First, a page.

Looking at the world of antiques with Allan Blackburn...
Lladró have become a household name for their fine porcelain figurines.
The company was founded in 1953 by three brothers, Juan, José and Vicente Lladró, in the village of Almácera, near Valencia, in Spain.
They gave up their work at a tiles factory and built a little Moorish kiln in the courtyard of the family home. Starting with items such as vases and jugs, it wasn’t until 1956 that they started producing the beautiful figurines for which they are now most famous.
A good many years have passed since the time when the Lladró brothers personally signed each one of their creations.
Back then, they had no idea that their surname, together with a flower and an ancient chemical symbol, was destined to become a famous trademark known around the world. Lladró figurines are made out of an original blend of hard-paste porcelain. The pale shades of browns, greys, whites and blues give the figures that famous Lladró look, although the glaze ingredients are an industry secret.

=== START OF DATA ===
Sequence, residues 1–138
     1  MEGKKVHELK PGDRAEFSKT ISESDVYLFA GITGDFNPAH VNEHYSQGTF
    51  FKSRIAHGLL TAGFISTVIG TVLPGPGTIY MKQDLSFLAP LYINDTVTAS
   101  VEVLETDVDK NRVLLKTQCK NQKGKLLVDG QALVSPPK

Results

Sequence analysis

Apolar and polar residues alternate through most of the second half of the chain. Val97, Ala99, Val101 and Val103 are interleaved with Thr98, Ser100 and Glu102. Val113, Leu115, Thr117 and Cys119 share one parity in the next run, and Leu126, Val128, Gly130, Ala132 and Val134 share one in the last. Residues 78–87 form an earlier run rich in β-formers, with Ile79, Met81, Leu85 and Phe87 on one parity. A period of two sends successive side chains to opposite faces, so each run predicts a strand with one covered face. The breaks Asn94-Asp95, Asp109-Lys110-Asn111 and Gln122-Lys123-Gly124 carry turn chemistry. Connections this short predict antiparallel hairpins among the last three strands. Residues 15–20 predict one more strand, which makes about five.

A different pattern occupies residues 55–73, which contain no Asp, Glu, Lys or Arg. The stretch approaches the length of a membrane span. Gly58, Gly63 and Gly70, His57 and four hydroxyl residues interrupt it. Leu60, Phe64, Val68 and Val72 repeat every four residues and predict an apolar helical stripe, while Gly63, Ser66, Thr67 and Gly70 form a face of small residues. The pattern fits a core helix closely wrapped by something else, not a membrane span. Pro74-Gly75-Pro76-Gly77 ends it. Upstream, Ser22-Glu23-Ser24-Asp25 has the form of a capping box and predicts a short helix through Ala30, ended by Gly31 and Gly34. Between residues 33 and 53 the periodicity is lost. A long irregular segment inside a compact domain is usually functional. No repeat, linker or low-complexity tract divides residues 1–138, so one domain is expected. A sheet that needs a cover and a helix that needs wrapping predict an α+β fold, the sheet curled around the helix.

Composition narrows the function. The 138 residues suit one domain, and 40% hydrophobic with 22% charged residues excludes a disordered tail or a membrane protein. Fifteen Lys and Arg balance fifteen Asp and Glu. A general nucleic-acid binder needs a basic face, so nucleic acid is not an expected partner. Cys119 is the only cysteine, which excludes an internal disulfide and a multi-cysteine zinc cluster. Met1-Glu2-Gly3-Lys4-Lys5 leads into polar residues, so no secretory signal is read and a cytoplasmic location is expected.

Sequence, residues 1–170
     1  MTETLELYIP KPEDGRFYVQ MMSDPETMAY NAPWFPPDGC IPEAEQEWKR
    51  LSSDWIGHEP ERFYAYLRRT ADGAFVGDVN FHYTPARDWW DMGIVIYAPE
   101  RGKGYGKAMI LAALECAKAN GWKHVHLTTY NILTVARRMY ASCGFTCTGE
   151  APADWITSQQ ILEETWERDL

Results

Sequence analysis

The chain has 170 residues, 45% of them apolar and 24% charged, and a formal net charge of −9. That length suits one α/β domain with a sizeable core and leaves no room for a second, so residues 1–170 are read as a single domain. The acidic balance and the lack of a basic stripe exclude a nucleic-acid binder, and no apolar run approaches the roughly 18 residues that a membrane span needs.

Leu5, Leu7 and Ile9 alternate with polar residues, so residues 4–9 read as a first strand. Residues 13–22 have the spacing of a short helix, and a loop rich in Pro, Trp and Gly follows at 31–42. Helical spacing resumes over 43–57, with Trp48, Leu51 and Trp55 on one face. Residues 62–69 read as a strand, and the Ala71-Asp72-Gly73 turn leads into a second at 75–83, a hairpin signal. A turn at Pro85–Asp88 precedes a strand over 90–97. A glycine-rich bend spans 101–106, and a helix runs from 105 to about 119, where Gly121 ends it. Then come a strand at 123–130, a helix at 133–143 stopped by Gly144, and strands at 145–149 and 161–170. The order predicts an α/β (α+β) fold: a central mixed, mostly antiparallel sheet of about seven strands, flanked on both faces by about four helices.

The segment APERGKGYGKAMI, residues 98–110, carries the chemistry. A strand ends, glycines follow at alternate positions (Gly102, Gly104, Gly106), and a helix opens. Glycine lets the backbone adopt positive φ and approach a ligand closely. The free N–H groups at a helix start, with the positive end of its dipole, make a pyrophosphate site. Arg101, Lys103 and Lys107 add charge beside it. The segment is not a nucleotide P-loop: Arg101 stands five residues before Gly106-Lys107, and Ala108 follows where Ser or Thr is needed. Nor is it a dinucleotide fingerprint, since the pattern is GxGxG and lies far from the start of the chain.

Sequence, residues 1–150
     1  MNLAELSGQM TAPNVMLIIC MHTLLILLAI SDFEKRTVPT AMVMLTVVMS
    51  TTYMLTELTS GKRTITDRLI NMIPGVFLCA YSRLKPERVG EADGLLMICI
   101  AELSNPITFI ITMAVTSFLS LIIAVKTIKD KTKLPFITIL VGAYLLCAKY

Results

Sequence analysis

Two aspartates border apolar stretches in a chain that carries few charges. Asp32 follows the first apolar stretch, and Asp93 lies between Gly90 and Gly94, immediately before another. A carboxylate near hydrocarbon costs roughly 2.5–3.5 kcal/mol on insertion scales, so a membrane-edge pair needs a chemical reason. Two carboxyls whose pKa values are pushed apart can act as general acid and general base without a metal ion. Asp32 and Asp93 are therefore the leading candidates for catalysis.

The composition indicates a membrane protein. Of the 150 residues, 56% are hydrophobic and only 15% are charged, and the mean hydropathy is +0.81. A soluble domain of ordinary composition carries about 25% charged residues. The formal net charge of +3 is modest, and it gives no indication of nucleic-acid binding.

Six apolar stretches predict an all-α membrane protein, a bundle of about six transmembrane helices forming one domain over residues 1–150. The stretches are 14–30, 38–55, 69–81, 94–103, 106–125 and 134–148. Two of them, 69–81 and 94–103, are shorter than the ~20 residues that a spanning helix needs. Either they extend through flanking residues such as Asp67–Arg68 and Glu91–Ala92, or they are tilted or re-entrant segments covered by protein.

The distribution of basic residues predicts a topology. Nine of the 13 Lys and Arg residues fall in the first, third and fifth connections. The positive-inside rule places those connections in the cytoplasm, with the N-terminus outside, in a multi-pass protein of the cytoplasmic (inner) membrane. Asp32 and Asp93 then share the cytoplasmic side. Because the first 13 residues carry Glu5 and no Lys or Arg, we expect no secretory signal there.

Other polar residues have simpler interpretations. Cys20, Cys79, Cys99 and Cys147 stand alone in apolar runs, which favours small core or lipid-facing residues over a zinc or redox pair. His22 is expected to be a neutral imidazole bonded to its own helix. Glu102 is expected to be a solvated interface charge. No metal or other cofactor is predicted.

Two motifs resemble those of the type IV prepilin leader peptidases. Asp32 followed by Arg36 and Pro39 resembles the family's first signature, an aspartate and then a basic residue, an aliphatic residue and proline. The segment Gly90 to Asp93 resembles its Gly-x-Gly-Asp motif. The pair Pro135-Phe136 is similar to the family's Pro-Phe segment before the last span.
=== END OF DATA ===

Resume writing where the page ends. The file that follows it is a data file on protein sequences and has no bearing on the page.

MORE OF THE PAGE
Testament to their worldwide popularity is the Lladró museum and gallery which opened 28 years ago and proudly stands on 57th Street in New York.
Despite its multinational profile, Lladró is still a family business. The original Lladró brothers withdrew from the board of directors at the end of 2003 and a new board was formed with two children from each of the three brothers. Over 2,000 people now work at Lladró, and their creations are exported to more than one hundred countries all around the world.
A word of warning to collectors: Lladró figurines are given two titles – one in English and the other in Spanish. Sometimes the names of the pieces can change throughout their run, so the same figurine can often end up with several titles.
Lladró is such a favourite with collectors that it is rare we get many pieces for sale at the centre and if when we do they don’t hang around for long. These gorgeous ornaments pictured are actually made by Nao. Nao is a brand of the Lladró group with its pieces in a similar style.
Nao is cheaper to buy, as their range is produced by the apprentices of Lladro, rather than the experts, who are reserved to work specially on Lladro items.